NOSHA News February 2015
It is part of NOSHA's mission to provide our members with education on workplace safety and health. Employee health has been proven to have a direct effect on employee safety. At this month's General Membership meeting, Heidi Panos from the Sanny & Jerry Ryan Center for Prevention & Genetics will be joining us to talk about Employee Wellness Programs. Heidi is a physical therapist and is also the supervisor at the Center. Through her role, she is involved in many aspects of health and wellness, including Altru's Weight Management Program, biometric testing, and much more.
In keeping with the theme of employee health and wellness, this month we are featuring an article courtesy of Creative Wellness Solutions entitled "Sit Less, Stand Up, Move More!"
You may have seen some of those alarming headlines, namely that 'sitting is the new smoking'. Can inactivity really be as dangerous for your health as puffing regularly on something that is proven to increase your risk of getting cancer or heart disease?
As employers and managers of our own health, it is important to get a handle on some facts so that we can all make informed choices in our everyday lives.
While the research on the effects of sitting too much is not as advanced as that on smoking, there is a growing body of knowledge that links sitting for long periods of time, not only to problems associated with posture, but also to a number of serious health concerns, such as elevated risk of heart disease, obesity, metabolic syndrome, diabetes and cancer.
A recent study cited by the Mayo Clinic found that adults who spent more than 4 hours a day in front of the TV or other recreational screen-based devices had an increased risk, over 120%, of events associated with cardiovascular disease such as chest pain or angina, compared to those adults who watched less than 2 hours a day. They also had a 50% greater risk of death from any cause.
What the research has crucially found is that the ills of prolonged sitting are not significantly reduced by periods of exercising before or after work. So we can't 'bank' hours of exercise to make up for hours of inactivity! When we are inactive for prolonged periods, what appears to be happening is that our bodies' natural ability to breakdown fats and sugars slows down and, as a consequence, our health risks rise.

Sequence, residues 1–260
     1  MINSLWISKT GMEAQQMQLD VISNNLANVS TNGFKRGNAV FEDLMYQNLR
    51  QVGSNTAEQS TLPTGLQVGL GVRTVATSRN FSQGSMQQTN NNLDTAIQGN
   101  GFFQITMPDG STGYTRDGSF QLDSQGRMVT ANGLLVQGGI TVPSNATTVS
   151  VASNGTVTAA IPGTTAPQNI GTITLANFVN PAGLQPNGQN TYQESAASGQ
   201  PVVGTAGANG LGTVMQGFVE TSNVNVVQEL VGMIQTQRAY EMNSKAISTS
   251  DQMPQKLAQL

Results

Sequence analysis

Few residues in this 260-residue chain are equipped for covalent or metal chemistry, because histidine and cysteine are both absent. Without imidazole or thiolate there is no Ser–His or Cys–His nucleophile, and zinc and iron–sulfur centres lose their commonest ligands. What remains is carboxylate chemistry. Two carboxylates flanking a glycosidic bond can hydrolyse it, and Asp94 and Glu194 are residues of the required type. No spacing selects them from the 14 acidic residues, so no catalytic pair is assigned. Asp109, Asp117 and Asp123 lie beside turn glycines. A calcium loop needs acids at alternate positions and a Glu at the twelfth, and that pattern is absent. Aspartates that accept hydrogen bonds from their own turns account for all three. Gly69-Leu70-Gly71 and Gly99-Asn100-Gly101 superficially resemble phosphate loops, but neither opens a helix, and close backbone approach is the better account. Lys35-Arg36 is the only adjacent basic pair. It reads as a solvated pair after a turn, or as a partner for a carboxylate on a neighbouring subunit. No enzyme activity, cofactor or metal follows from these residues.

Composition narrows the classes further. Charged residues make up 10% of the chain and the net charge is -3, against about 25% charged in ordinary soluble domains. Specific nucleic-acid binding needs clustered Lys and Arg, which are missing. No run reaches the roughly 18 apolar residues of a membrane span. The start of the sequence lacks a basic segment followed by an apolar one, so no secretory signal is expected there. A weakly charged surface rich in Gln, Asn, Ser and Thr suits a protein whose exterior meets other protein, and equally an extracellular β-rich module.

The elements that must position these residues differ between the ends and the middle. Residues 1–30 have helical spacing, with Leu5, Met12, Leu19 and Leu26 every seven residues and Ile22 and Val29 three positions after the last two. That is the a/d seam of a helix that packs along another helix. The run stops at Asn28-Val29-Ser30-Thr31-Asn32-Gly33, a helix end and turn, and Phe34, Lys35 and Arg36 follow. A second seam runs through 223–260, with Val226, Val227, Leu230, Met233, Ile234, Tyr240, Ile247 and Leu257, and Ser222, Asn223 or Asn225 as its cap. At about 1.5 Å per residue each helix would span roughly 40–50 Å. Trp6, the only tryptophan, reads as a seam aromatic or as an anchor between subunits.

Moving more is vital for keeping us fit and healthy at any age, particularly as we get older. The Canadian Physical Activity Guidelines and the American College of Sports Medicine both recommend that adults target 150 minutes of moderate intensity activity each week. An example of moderate intensity activity would be brisk walking. However, recent studies into activity levels found that only 15-20% of all North American adults achieved the recommended guidelines. This means that 8 out of 10 of us are not active enough! Just as concerning, the study also found that adults spend almost 10 hours each day being sedentary (excluding sleep).
Why It Matters
Employers are paying a high price for chronic disease through increased health benefit costs, absenteeism, presenteeism and productivity losses. Research has clearly shown that many of these chronic diseases are preventable through improved diet, exercise and a healthier lifestyle. Investment in the health of your employees makes good business sense.
What To Do
The solution is not to take this lying down and to find different ways to build more activity into the working day. Be creative! Encourage executives, managers and employees to come up with ideas on how to build more physical activity into the working day. Standing or treadmill desks may be feasible in some workplaces or available in one room that employees can use for an hour or two per day. Walking meetings; inside or outside, can be another option. For every hour of sitting, encourage employees to take a 2-3 minute break from their desk to walk around, stretch and participate in active micro-break exercises.
Two key messages:
More activity is better than none! Just 10 minutes a day delivers results!
An active workforce has more energy, is more productive and has a financial benefit!
Article courtesy of evexia.ca